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Comcast rolls out wireless Web
NEW YORK |
NEW YORK (Reuters) - Comcast Corp, the largest U.S. cable operator, said on Monday it is introducing a wireless service for subscribers to access the Web beyond their homes anywhere within the United States.
The so-called fourth-generation (4G) wireless service, is the first execution of a partnership between Comcast, Clearwire Corp and other companies that use the emerging WiMax high-speed mobile technology.
Many consumers already update their blogs and watch videos using their mobile phones. Cable companies such as Comcast and Time Warner Cable Inc do not want to become irrelevant by restricting subscriber access to the home.
The new service, called "Comcast High-Speed 2go," is expected to deliver data to laptops, netbooks and other devices over a wireless network at faster speeds than has been commonly available to date.
Comcast said it will offer download speeds of up to 4 megabits per second. Existing 3G wireless networks typically offer download speeds between 1 and 1.5 megabits a second.
Cablevision Systems Corp offers mobile Internet service via Wi-Fi, a short range service typically limited to a home, restaurant or "hotspot." The operator is providing Wi-Fi service to its digital subscribers throughout its market in the New York metropolitan area.
Comcast High-Speed 2go launches officially in Portland, Oregon on Tuesday and is expected to expand to Atlanta, Chicago and Philadelphia before the end of the year, Comcast said.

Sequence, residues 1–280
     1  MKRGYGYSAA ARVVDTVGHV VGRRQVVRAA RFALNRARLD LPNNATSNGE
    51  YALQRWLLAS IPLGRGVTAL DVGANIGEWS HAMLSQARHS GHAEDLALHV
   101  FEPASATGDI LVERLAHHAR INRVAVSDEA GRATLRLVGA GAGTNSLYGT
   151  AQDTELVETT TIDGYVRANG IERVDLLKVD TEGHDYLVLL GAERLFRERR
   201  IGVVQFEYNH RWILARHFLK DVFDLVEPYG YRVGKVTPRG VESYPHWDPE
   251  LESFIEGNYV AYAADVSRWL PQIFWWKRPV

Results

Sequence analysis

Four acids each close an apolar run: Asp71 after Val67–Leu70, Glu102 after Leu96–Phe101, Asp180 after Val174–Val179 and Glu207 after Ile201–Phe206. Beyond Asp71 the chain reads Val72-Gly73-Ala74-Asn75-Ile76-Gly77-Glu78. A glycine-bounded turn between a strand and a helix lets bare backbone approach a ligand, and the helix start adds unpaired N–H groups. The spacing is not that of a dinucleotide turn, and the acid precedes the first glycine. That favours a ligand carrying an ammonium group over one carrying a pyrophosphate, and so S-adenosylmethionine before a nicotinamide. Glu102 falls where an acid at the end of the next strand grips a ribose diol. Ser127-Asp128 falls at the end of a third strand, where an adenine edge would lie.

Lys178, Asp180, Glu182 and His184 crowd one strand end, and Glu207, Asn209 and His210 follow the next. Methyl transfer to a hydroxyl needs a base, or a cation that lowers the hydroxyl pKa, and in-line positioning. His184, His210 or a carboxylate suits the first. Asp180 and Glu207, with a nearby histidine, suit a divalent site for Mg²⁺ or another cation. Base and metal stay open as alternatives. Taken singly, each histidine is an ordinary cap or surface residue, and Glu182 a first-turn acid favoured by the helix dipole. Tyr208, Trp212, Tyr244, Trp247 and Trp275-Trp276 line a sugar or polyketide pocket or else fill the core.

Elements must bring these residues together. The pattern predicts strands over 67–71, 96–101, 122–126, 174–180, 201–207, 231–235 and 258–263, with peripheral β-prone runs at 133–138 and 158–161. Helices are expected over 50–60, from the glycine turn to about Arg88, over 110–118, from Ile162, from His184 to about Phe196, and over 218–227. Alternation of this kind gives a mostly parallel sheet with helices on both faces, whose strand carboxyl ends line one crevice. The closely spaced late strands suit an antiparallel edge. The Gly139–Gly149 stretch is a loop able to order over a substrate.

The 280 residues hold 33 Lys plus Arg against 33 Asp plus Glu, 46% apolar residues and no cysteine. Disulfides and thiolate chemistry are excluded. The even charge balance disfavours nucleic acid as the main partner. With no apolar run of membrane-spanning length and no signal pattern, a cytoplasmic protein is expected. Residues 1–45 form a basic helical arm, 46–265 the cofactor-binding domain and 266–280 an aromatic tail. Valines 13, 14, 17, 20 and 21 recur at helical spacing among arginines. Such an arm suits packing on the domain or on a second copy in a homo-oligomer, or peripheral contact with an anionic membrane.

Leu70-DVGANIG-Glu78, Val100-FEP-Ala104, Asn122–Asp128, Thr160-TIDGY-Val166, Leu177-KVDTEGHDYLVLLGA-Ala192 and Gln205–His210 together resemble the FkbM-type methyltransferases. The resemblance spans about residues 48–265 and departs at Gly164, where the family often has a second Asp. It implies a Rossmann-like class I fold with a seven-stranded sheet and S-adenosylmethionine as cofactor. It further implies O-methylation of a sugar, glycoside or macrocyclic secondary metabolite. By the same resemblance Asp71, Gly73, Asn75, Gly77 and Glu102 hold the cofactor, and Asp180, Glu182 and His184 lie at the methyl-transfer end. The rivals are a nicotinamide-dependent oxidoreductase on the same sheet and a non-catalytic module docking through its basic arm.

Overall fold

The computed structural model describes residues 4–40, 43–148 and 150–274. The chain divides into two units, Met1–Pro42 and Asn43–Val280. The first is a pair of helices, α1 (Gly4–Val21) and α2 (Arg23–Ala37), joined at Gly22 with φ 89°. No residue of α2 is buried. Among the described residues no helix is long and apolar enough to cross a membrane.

A Metro version of the data card, which is typically installed into a laptop to allow wireless Internet access, will cost $49.99 a month when bundled with home Internet service. The Metro version will only work within the 4G metropolitan coverage area.
A nationwide version for $69.99 a month will allow subscribers to access the Internet via Sprint Nextel Corp's 3G network where the 4G network is not available.
WiMax is expected to blanket entire cities with Web access for mobile devices at speeds up to five times faster than traditional wireless networks, but the technology is still unproven.
After previous stumbles, such as a collapsed partnership with Sprint, cable companies are hoping that Clearwire, founded by wireless pioneer Craig McCaw will help them resolve their long-running wireless conundrum.
The cable industry is also trying to figure out ways to make more video available beyond traditional TV sets.
Last week Comcast and Time Warner Inc said they start testing ways to allow people to watch more TV shows over the Web, while making sure they keep paying for their traditional cable or satellite TV services.
Comcast will likely try to market the new wireless service as a way for subscribers to watch their favorite shows wherever they are in the United States.
(Reporting by Yinka Adegoke; Editing by Derek Caney)
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